House GOP leader defends Nunes: He 'has a right to talk to anybody'

House Minority Leader Kevin McCarthyKevin Owen McCarthyOn The Money: Breaking down the June jobs report | The biggest threats facing the recovery | What will the next stimulus bill include? McCarthy to offer bill withholding funds from states that don't protect statues McCarthy calls on Pelosi to condemn 'mob violence' after toppling of St. Junipero Serra statue MORE (R-Calif.) on Tuesday defended Rep. Devin NunesDevin Gerald NunesVoters must strongly reject the president's abuses by voting him out this November Sunday shows preview: With coronavirus cases surging, lawmakers and health officials weigh in Hillicon Valley: Democrats introduce bill banning federal government use of facial recognition tech | House lawmakers roll out legislation to establish national cyber director | Top federal IT official to step down MORE's (R-Calif.) contacts with President TrumpDonald John TrumpTrump second-term plans remain a mystery to GOP Trump to hold outdoor rally in New Hampshire on Saturday Eighty-eight years of debt pieties MORE's personal lawyer Rudy Giuliani and his associate amid the chamber's mounting impeachment inquiry.

McCarthy said at a press conference that “Nunes has a right to talk to anybody” and blasted a report that stated the House Intelligence Committee ranking member had gone to Vienna last year to meet with Viktor Shokin, Ukraine’s former prosecutor general.

“I don’t have a problem with Devin talking to individuals. What was claimed about Devin on CNN, on a national news media, is that he went to Vienna to meet with individuals,” McCarthy told reporters, citing the report published last last month.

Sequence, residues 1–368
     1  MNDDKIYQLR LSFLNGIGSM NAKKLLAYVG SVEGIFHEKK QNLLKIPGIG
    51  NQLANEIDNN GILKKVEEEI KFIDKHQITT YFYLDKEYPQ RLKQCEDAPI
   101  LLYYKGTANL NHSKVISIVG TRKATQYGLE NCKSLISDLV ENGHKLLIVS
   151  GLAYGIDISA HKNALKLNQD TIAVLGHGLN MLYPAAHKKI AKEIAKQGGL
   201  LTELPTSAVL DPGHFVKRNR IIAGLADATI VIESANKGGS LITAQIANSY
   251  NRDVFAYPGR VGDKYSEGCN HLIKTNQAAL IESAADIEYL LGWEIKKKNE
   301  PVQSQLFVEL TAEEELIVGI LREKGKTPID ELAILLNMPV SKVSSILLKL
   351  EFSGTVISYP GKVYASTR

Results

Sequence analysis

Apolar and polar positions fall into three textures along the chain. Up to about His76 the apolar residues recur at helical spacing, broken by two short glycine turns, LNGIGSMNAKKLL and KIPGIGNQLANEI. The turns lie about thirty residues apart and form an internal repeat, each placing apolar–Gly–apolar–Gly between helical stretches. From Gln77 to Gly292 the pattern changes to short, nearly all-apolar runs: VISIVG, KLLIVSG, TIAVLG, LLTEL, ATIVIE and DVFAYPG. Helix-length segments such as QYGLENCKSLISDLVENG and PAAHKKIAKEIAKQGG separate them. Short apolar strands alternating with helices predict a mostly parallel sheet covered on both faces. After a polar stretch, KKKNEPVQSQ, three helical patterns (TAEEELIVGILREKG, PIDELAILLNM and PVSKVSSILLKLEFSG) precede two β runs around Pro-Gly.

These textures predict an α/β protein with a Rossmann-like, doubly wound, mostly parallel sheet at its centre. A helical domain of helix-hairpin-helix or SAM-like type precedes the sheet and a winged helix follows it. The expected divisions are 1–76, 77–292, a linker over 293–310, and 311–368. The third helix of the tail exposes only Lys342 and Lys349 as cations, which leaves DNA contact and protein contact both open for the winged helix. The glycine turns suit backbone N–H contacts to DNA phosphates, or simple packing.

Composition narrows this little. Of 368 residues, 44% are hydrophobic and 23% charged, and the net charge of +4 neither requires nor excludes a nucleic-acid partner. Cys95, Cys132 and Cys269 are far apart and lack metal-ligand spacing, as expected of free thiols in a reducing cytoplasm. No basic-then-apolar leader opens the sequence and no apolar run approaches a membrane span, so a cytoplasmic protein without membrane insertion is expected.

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"He was not in Vienna. That was a lie, just like many lies before, and it seems like a perpetual thing of what we do," he added of disputing certain reporting.

When asked if Nunes should discuss what happened on the calls, which were highlighted in a report released by the Intelligence panel earlier Tuesday, McCarthy said that is a decision that should be left up to Nunes.

"That's a question for Devin, but Devin has the right to talk to people," he said. "There's nothing wrong with what Devin has done except, once again, try to get accused of something. It is a simple smokescreen."

The Intelligence Committee report showed phone logs indicating that Nunes and a member of his staff were in contact with Giuliani and the lawyer's associate Lev Parnas in April and May amid efforts by Trump's attorney to get Ukraine to launch politically charged probes involving the Bidens and the 2016 presidential election.

Giuliani, who has been a central figure in the impeachment inquiry, is reportedly under investigation by federal prosecutors, while Parnas was indicted this year on allegations of violating campaign finance laws.

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Democrats, including House Intelligence Committee Chairman Adam SchiffAdam Bennett SchiffDemocrats hit Trump for handling of Russian bounty allegations after White House briefing Voters must strongly reject the president's abuses by voting him out this November Democrats face tough questions with Bolton MORE (D-Calif.), stated they found the contacts uncovered in the report Tuesday “deeply concerning.”

Nunes has not weighed in yet concerning the calls.

The Intelligence Committee voted along party lines Tuesday evening to advance its impeachment report to the House Judiciary Committee, which is charged with weighing whether actions detailed in the report rise to the level of impeaching the president.

The Judiciary panel is slated to hold its first impeachment hearing on Wednesday.

This story was updated at 10:20 p.m.